Running along and then BANG and your calf is torn?
What to do next?
Well first thing is stop running!
Get home and follow the next few steps!
How to know if you have torn your calf muscle?
- A snap or pull felt at the time of injury.
- Pain and weakness in the calf area.
- Swelling in the area.
- Weakness in the calf when trying to walk, climb stairs or stand.
- Limping when walking.
What’s a calf muscle and where does it live!
There are two muscles that make up the calf, the gastrocnemius and the soleus.
Both these muscles attach into the achillies tendon that inserts at the heel.
So I have torn my calf….. What now?
- Applying ice wrapped in a towel for 10 minutes a few times during the day will help to reduce inflammation and reduce pain.
- Depending how bad the tear is you might need to use some crutches for a few days. It’s always best to get back walking normally as soon as possible, take as much weight as you can through your leg and slowly wean off the crutches.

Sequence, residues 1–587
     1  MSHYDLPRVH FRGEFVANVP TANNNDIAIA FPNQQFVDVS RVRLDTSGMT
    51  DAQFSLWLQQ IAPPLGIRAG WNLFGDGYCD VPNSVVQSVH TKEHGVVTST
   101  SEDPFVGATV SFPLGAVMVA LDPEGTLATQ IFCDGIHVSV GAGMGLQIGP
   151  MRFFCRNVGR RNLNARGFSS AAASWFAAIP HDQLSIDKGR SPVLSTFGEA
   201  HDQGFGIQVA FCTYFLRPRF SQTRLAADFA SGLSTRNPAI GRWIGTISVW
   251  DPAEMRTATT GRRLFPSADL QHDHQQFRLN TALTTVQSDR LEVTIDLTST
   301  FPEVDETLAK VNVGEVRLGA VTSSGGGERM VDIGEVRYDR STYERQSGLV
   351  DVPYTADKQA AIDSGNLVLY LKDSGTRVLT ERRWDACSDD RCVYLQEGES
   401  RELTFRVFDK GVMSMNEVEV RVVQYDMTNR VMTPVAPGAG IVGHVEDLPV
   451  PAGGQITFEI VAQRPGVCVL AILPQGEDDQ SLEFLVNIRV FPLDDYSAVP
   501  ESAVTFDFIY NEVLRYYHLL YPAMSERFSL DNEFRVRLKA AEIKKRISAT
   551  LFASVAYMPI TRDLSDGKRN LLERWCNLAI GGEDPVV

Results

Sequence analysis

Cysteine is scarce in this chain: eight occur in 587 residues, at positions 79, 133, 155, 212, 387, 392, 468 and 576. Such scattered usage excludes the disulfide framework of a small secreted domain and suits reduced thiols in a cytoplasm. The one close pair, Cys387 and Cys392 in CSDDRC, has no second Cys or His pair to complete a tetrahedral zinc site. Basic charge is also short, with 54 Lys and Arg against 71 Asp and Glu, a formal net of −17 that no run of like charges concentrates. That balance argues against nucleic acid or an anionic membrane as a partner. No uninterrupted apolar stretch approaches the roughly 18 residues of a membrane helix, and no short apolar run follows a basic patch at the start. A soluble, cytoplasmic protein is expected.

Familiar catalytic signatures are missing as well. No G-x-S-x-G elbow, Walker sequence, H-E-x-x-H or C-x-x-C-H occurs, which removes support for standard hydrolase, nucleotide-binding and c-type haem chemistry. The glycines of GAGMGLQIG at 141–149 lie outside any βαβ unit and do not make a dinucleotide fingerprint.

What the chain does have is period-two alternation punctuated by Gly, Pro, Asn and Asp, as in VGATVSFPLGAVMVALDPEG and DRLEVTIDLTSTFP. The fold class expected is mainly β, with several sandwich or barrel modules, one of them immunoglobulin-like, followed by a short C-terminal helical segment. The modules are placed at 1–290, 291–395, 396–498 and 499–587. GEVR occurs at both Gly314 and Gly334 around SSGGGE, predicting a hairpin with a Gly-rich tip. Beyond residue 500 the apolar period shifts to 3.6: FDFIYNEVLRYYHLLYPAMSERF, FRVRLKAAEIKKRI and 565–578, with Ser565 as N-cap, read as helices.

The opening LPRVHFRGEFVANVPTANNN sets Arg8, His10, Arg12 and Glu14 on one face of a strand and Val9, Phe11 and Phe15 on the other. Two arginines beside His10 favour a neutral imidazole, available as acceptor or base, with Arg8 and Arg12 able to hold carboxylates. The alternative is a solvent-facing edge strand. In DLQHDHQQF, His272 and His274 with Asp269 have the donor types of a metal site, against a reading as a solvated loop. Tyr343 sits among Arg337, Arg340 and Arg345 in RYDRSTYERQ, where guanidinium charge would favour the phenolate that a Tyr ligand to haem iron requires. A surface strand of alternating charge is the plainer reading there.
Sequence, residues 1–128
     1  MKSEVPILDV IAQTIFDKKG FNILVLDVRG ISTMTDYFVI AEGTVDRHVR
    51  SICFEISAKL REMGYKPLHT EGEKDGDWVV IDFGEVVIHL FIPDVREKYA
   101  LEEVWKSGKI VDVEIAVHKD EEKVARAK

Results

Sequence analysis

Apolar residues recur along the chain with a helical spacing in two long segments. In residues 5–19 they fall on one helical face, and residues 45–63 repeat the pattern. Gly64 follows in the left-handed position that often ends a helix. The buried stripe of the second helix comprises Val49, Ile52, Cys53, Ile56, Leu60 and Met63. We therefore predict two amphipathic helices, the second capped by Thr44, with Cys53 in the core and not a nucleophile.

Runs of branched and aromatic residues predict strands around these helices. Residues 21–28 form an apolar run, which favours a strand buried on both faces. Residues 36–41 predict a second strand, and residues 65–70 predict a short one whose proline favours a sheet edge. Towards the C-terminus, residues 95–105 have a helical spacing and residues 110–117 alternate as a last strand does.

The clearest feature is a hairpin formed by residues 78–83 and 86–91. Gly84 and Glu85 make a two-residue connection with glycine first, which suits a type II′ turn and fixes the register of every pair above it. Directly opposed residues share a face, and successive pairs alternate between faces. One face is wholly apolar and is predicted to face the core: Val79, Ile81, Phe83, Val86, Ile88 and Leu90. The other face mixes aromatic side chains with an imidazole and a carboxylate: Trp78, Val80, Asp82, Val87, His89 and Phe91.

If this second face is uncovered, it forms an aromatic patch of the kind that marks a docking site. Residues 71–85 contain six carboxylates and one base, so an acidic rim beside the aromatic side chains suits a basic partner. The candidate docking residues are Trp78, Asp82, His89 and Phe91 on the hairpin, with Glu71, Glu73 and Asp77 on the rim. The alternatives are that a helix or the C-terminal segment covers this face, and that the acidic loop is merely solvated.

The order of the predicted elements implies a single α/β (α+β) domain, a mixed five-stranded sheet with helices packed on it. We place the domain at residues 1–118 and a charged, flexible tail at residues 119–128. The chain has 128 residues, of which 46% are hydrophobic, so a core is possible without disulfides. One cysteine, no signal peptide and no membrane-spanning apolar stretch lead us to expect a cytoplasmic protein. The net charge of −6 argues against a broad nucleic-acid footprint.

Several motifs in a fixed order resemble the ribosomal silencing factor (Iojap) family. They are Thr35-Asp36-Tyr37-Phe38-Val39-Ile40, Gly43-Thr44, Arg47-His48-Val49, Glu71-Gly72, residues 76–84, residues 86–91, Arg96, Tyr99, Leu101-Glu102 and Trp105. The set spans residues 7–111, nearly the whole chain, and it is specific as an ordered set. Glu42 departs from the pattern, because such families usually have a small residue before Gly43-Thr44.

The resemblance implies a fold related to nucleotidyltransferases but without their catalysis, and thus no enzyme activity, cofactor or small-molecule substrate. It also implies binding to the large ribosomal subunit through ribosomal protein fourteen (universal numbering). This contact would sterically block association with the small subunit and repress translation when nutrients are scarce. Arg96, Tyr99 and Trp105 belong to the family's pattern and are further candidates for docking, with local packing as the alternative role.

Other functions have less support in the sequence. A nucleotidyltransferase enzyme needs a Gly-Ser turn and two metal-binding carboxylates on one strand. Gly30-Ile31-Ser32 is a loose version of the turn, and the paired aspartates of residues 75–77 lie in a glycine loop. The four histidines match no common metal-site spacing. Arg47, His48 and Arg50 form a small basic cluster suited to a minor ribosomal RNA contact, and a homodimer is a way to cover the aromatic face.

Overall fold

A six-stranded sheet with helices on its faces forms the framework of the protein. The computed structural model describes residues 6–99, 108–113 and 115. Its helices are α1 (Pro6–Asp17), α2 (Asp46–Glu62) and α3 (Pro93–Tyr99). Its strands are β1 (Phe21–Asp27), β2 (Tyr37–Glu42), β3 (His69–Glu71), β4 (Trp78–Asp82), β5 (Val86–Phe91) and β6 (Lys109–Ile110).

- If it’s not to bad and you want to continue with some exercise riding a bike is usually a good place to start as long as its pain free.
- Prolonged rest does not help. The quicker you get moving the better!
Move + Strengthen
- MOVE as quickly as you can!
- When sitting slide your heel forward and back gently, often during the day.
- Ankle pumps = Moving your foot back and fourth throughout the day.
- The quicker you begin pain free loading the better.
- Whether it be a partial tippy toe raise, pushing against a theroband and pointing your toes.
When should I start Physio??
—-> As quick as you can start your rehab the quicker you can return to play
What will the Physio do on the first visit?
–> Assessment your injury
–> Test muscle capacity and diagnose the grade of injury.
–> Educate you on appropriate exercises and form a management plan.
–> Taping to offload the injured calf muscle.
–> Soft tissue treatment around the injured area.
Any questions about an injury shoot us a message, give us a call on (02) 4751 9127 or book a session online!
Written by Georgia King (Physiotherapist at The Physio Depot)